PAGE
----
Footnote gives combat radius as 40% of combat range given the very long range.

Need a little research on the 5 vs. 6A differences.

PV-1: Normal bombing radius (6 500 lbs, no tanks) 460 nm (40% range) in good weather and 380 (33% range)in bad (footnote indicates greater reserves allocated for adverse conditions. 380 lines up nicely with stock AE range.
PV-1: An extended mission would put a tank in the bomb bay, a 1000 lb bomb on each wing hard point, and give a fair weather combat radius of 525 nm (13 hexes) or a foul weather range of 460 nm (11 1/2 hexes).
The notes allow you to infer you could also an ultra extended range with clean wings, 3 500 lbs and the bomb bay tank so that might push you up to 14 hexes. A super ultra combat radius (bomb-bay tank, drop tanks, and 3 500 lbs would be about 650 nm (my estimate for what its worth) based on 33% of combat range. So would 16 hexes line up with the historical mission record? It is 15 hexes from Eniwetok to Truk - check. It's 17 hexes from Kiska to Paramushiro but if we went with a fair weather range of 800 nm (20 hexes) from 40% of ~2000 nm range in that configuration still plausible on sunny days. The flight characteristics check out to the mission history (as one would expect).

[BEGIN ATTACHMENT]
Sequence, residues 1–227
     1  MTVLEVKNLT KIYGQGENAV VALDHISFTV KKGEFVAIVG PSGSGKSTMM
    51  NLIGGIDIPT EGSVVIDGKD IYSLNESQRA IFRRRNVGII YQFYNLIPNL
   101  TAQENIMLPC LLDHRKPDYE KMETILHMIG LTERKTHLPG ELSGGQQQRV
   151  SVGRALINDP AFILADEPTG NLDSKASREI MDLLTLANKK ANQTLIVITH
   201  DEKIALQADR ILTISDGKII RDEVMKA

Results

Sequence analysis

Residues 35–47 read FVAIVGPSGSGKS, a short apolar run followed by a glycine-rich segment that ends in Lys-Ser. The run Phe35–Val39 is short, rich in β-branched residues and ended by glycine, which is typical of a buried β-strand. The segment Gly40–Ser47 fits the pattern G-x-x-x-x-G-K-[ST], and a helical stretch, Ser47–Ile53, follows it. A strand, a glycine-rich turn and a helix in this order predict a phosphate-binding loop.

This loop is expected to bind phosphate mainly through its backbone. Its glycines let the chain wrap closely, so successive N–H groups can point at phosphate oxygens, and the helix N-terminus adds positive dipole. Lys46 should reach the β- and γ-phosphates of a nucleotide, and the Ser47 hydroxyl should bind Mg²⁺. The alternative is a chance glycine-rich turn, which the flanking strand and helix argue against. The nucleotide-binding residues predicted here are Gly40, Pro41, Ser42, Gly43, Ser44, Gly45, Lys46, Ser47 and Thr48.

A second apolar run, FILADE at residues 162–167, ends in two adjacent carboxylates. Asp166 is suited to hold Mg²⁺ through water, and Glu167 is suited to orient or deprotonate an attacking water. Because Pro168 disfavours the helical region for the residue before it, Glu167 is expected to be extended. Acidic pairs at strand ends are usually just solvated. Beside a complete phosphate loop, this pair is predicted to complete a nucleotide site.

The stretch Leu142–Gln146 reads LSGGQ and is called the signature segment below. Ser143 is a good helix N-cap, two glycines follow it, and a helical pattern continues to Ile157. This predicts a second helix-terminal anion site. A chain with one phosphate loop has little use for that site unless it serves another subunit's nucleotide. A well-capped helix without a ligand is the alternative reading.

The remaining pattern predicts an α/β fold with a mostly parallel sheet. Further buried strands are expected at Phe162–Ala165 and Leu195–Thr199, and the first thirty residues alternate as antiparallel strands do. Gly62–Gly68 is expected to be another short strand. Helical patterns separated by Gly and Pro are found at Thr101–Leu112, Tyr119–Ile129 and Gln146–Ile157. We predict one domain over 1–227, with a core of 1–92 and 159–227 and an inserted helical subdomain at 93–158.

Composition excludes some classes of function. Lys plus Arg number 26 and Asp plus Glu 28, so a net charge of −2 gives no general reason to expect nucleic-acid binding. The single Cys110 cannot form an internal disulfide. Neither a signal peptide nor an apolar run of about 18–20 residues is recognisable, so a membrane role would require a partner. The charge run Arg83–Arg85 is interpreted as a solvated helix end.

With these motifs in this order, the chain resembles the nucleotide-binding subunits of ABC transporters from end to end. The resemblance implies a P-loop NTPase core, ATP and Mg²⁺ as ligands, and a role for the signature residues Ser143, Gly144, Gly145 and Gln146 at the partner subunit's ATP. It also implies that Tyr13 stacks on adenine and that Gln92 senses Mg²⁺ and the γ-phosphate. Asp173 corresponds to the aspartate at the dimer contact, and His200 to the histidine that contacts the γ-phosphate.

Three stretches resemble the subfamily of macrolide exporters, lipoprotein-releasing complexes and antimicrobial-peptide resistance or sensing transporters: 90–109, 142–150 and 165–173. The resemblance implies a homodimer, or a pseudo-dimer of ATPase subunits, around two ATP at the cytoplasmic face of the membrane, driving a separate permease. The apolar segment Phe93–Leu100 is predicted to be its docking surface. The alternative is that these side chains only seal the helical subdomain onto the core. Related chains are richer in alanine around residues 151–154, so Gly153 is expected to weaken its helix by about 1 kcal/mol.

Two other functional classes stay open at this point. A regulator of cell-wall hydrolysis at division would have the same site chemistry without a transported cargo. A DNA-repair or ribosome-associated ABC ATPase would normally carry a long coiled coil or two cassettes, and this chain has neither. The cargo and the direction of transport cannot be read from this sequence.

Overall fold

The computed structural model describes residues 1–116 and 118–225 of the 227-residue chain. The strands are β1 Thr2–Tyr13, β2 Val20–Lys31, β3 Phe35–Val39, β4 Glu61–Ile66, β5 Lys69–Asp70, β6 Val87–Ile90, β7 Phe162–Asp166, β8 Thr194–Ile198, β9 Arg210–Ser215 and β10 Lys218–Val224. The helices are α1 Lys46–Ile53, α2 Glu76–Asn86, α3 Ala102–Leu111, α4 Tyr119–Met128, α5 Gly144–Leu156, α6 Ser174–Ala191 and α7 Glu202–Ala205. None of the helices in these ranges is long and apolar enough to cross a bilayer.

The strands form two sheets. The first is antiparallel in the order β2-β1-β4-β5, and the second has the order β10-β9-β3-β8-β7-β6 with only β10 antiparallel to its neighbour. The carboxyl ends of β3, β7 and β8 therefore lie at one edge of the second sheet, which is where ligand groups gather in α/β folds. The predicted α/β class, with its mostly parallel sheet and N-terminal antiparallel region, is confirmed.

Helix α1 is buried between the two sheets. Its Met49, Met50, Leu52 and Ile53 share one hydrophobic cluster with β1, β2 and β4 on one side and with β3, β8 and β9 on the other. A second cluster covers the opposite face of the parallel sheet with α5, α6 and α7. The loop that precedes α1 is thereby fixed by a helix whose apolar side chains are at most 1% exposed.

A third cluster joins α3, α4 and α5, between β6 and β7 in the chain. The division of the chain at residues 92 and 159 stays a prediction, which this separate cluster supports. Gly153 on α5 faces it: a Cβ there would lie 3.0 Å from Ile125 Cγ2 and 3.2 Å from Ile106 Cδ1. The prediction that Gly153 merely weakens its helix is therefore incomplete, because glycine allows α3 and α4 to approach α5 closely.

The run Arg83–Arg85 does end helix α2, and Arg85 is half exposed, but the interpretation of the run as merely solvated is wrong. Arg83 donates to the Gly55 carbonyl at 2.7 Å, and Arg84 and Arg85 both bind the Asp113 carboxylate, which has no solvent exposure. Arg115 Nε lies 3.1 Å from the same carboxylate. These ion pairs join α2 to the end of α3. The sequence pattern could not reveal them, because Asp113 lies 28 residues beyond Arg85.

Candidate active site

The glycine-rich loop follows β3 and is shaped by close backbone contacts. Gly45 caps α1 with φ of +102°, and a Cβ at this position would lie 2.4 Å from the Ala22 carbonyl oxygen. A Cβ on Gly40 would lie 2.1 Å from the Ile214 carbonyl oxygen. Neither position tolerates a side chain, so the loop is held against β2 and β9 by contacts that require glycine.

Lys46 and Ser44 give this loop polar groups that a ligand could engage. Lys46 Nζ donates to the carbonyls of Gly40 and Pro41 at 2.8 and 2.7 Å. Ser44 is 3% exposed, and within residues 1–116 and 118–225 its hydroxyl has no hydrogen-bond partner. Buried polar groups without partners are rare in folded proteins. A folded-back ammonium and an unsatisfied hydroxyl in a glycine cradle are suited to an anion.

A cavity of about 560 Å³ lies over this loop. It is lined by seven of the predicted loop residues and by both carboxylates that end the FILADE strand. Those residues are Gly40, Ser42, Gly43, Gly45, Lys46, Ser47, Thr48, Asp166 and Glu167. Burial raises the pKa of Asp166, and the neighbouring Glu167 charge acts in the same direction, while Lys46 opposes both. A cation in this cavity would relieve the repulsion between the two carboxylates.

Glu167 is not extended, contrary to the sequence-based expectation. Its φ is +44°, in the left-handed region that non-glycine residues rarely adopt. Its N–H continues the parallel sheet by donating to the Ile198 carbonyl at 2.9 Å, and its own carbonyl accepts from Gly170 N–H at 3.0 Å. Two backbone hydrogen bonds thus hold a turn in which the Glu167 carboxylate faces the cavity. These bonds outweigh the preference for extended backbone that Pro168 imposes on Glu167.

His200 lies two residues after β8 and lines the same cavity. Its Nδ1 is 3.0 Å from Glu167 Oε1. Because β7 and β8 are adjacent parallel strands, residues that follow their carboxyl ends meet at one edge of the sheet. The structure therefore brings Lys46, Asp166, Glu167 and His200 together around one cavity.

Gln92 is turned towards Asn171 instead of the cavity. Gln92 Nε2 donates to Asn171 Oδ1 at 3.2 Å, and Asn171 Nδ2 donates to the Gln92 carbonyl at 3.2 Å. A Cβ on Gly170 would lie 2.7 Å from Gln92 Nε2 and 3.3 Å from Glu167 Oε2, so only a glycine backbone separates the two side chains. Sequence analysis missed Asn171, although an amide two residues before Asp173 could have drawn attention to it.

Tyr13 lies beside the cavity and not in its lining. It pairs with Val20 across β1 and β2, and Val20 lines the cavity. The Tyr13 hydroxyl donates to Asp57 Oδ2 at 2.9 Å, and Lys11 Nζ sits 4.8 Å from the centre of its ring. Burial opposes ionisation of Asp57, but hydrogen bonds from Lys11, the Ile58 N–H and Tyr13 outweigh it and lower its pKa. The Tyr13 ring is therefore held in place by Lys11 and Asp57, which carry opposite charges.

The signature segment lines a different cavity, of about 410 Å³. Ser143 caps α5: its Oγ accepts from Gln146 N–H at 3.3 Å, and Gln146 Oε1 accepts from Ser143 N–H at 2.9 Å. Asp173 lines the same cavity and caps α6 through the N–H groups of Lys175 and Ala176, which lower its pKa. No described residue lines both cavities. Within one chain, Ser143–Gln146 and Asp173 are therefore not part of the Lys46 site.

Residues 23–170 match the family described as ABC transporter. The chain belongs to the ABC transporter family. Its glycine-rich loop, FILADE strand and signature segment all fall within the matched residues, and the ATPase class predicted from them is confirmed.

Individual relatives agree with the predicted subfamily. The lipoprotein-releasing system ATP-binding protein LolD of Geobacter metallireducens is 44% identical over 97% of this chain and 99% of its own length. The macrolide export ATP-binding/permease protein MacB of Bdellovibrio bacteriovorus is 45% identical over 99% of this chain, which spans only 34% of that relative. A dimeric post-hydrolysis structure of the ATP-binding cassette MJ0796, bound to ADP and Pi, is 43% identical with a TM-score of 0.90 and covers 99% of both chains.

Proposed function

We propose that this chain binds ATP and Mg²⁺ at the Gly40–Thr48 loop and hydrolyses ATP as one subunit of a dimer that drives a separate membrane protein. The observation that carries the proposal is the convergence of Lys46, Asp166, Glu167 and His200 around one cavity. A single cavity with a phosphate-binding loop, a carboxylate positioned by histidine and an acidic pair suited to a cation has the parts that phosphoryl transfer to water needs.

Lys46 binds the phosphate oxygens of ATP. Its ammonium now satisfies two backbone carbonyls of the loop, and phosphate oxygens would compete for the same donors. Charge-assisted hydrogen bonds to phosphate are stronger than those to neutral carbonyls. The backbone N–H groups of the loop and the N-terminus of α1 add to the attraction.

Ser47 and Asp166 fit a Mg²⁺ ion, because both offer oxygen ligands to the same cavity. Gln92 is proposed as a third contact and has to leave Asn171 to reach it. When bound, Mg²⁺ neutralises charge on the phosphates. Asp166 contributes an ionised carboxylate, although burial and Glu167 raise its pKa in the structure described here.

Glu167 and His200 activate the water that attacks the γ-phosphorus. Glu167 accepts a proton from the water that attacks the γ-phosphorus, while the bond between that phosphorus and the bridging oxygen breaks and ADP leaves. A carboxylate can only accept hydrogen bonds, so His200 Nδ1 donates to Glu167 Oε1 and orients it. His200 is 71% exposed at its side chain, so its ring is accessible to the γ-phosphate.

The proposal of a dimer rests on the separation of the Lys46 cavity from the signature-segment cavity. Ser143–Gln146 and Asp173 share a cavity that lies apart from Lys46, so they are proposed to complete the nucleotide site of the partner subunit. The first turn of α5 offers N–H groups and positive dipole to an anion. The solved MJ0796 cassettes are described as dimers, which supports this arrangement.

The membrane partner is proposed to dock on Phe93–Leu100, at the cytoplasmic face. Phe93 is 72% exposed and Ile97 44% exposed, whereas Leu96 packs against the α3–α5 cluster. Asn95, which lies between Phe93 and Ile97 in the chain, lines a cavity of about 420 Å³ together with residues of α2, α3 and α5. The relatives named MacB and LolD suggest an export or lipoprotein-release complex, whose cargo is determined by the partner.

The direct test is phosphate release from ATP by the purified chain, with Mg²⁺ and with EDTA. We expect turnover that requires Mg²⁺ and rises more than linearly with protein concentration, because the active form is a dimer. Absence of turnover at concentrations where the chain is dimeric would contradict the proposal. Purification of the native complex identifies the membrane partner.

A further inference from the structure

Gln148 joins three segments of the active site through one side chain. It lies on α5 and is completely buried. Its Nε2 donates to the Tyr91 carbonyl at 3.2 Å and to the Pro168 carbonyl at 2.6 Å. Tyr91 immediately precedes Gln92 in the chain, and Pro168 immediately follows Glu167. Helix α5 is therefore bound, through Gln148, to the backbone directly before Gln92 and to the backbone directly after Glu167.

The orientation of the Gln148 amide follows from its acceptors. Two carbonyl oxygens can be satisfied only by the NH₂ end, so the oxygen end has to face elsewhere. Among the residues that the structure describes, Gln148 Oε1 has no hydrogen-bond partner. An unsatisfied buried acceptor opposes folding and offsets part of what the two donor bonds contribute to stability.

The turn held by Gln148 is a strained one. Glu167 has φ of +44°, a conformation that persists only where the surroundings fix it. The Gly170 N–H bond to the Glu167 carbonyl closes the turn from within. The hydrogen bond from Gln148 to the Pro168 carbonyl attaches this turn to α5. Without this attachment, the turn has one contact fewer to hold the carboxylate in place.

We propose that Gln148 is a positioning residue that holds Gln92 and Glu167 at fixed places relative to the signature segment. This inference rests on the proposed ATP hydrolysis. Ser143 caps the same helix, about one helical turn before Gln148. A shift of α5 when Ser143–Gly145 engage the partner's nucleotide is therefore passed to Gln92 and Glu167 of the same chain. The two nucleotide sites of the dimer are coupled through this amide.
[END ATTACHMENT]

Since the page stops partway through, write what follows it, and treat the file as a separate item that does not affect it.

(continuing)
Whether all of that is plausibly codeable in the editor is a different matter. This gets to the point of AE as simulation vs. game

(in reply to Gridley380)
Post #: 26
RE: Aircraft range and combat radius - 7/31/2019 5:46:10 PM   
Gridley380


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quote:

ORIGINAL: Alfred

Another thread were the realities of the game code is totally overlooked as some people find some material on the internet which allows them to claim the devs were dumb and produced wrong data.  I wasn't going to provide the correct answers to the OP but post #17 indicates the OP might deserve the benefit of the doubt.  Of course the other responders just go on their usual ego trips and "interesting" claims.



Are you suggesting the scans of action reports from PV-1 squadrons that bombed Paramushiro from Attu are fake?

Or that the data from the Naval History and Heritage Command (a navy.mil URL, you'll note) is?

Both?

Or should we not be able to reproduce regular historical missions?

Sure, you can't code a game for everything (I'll never fault the developers for not enabling a "Doolittle raid", nor the balloon bombing of the west coast, or a dozen other niche events), but shouldn't the actual history provide a guide for whether the game's parameters and abstractions were done right?


(in reply to Alfred)
Post #: 27
RE: Aircraft range and combat radius - 7/31/2019 6:21:53 PM   
spence

 

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The map is surely distorted somewhat simply because of the projection of a "round" object on a "flat surface". In the end it's more important that a 12 kt convoy makes it from San Francisco to Brisbane in roughly the "right amount of time" following the "typical convoy route" than that PV-1s can bomb Paramushiro.